††††††††††† Lancaster, Lewis, and Sarah Cock, went the following evening to the Royal Exchange, where they picked the pockets of several passengers of watches, pocket-books, purses of money, and other property. They frequented all places of public resort; and, during divine service on a Sunday evening at the Foundery, near Moorfields, they picked the pockets of several of the congregation. On their return from the place of worship they came to the house of a velvet-weaver; and, Lancaster knowing him to be reputed as a man of considerable property, it was determined to break open and rob the house. Having effected an entrance, they secured a quantity of plate, and then went into the warehouse, whence they stole velvet to the amount of more than one hundred pounds. Having obtained this considerable booty, they went to Sarah Cock, and, giving her the velvet, adjourned to an alehouse in Houndsditch, to wait till she had disposed of it to the Jew.

††††††††††† The sum Cock demanded for the velvet the Jew said was more than he could really afford to give, as the colour was very indifferent, and he should be put to expense in sending it to Holland, where all his stolen goods were exported for sale. During their conversation they were observed by a weaver and a constable, who suspecting the velvet to have been stolen, the woman was interrogated as to the manner of its coming into her possession. She acknowledged having received the property from Lancaster and Lewis, and mentioned the house where they were then waiting; in consequence of which they were both apprehended, and secured in Newgate. Lewis being admitted an evidence for the crown, Lancaster was convicted of stealing the silver mug and other property, and sentenced to die.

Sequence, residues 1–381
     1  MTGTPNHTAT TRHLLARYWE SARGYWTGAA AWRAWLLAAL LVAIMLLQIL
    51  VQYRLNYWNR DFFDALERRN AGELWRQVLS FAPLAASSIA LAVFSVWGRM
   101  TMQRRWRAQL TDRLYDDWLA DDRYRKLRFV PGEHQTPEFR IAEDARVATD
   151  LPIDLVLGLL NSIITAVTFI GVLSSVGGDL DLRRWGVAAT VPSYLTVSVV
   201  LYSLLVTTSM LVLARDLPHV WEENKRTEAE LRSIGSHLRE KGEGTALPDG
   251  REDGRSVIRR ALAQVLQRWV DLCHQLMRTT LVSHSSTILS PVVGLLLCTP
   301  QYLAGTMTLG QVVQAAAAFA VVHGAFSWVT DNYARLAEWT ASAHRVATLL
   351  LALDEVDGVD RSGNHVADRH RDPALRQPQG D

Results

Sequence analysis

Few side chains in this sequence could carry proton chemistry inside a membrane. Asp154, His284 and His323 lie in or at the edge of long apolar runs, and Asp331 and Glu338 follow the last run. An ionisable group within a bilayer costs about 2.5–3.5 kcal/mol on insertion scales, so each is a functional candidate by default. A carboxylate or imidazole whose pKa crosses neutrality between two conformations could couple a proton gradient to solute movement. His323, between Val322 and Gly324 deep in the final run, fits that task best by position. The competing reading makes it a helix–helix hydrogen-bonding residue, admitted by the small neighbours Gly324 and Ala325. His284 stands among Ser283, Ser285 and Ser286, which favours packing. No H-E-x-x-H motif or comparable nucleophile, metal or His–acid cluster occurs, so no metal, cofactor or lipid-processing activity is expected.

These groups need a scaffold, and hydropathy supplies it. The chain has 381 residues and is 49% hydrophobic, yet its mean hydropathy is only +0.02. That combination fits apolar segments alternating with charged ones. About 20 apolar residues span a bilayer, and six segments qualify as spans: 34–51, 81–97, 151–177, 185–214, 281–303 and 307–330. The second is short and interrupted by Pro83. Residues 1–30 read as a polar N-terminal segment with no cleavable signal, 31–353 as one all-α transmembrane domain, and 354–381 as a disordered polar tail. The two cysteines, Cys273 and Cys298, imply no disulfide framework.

††††††††††† While under sentence of death the Ordinary endeavoured to give him a proper idea of his duty to his Creator; but to the very moment of his death he obstinately persisted in a refusal to make what atonement was yet in his power for the many offences he had committed. On the 24th of September, 1748, John Lancaster was executed at Tyburn. Lancaster was bred to a business that would have procured him a comfortable livelihood; but, instead of supporting himself in a reputable manner, he indulged a disposition to indolence and a fondness for the company of dissolute people, which led him to transgress the laws, whereby he was doomed to a violent and ignominious death. We shall conclude in the words of the Rambler: 'He that does his best, however little, is always to be distinguished from him that does nothing. Whatever busies the mind, without corrupting it, has at least this use, that it rescues the day from idleness; and he that is never idle will not often be vicious.'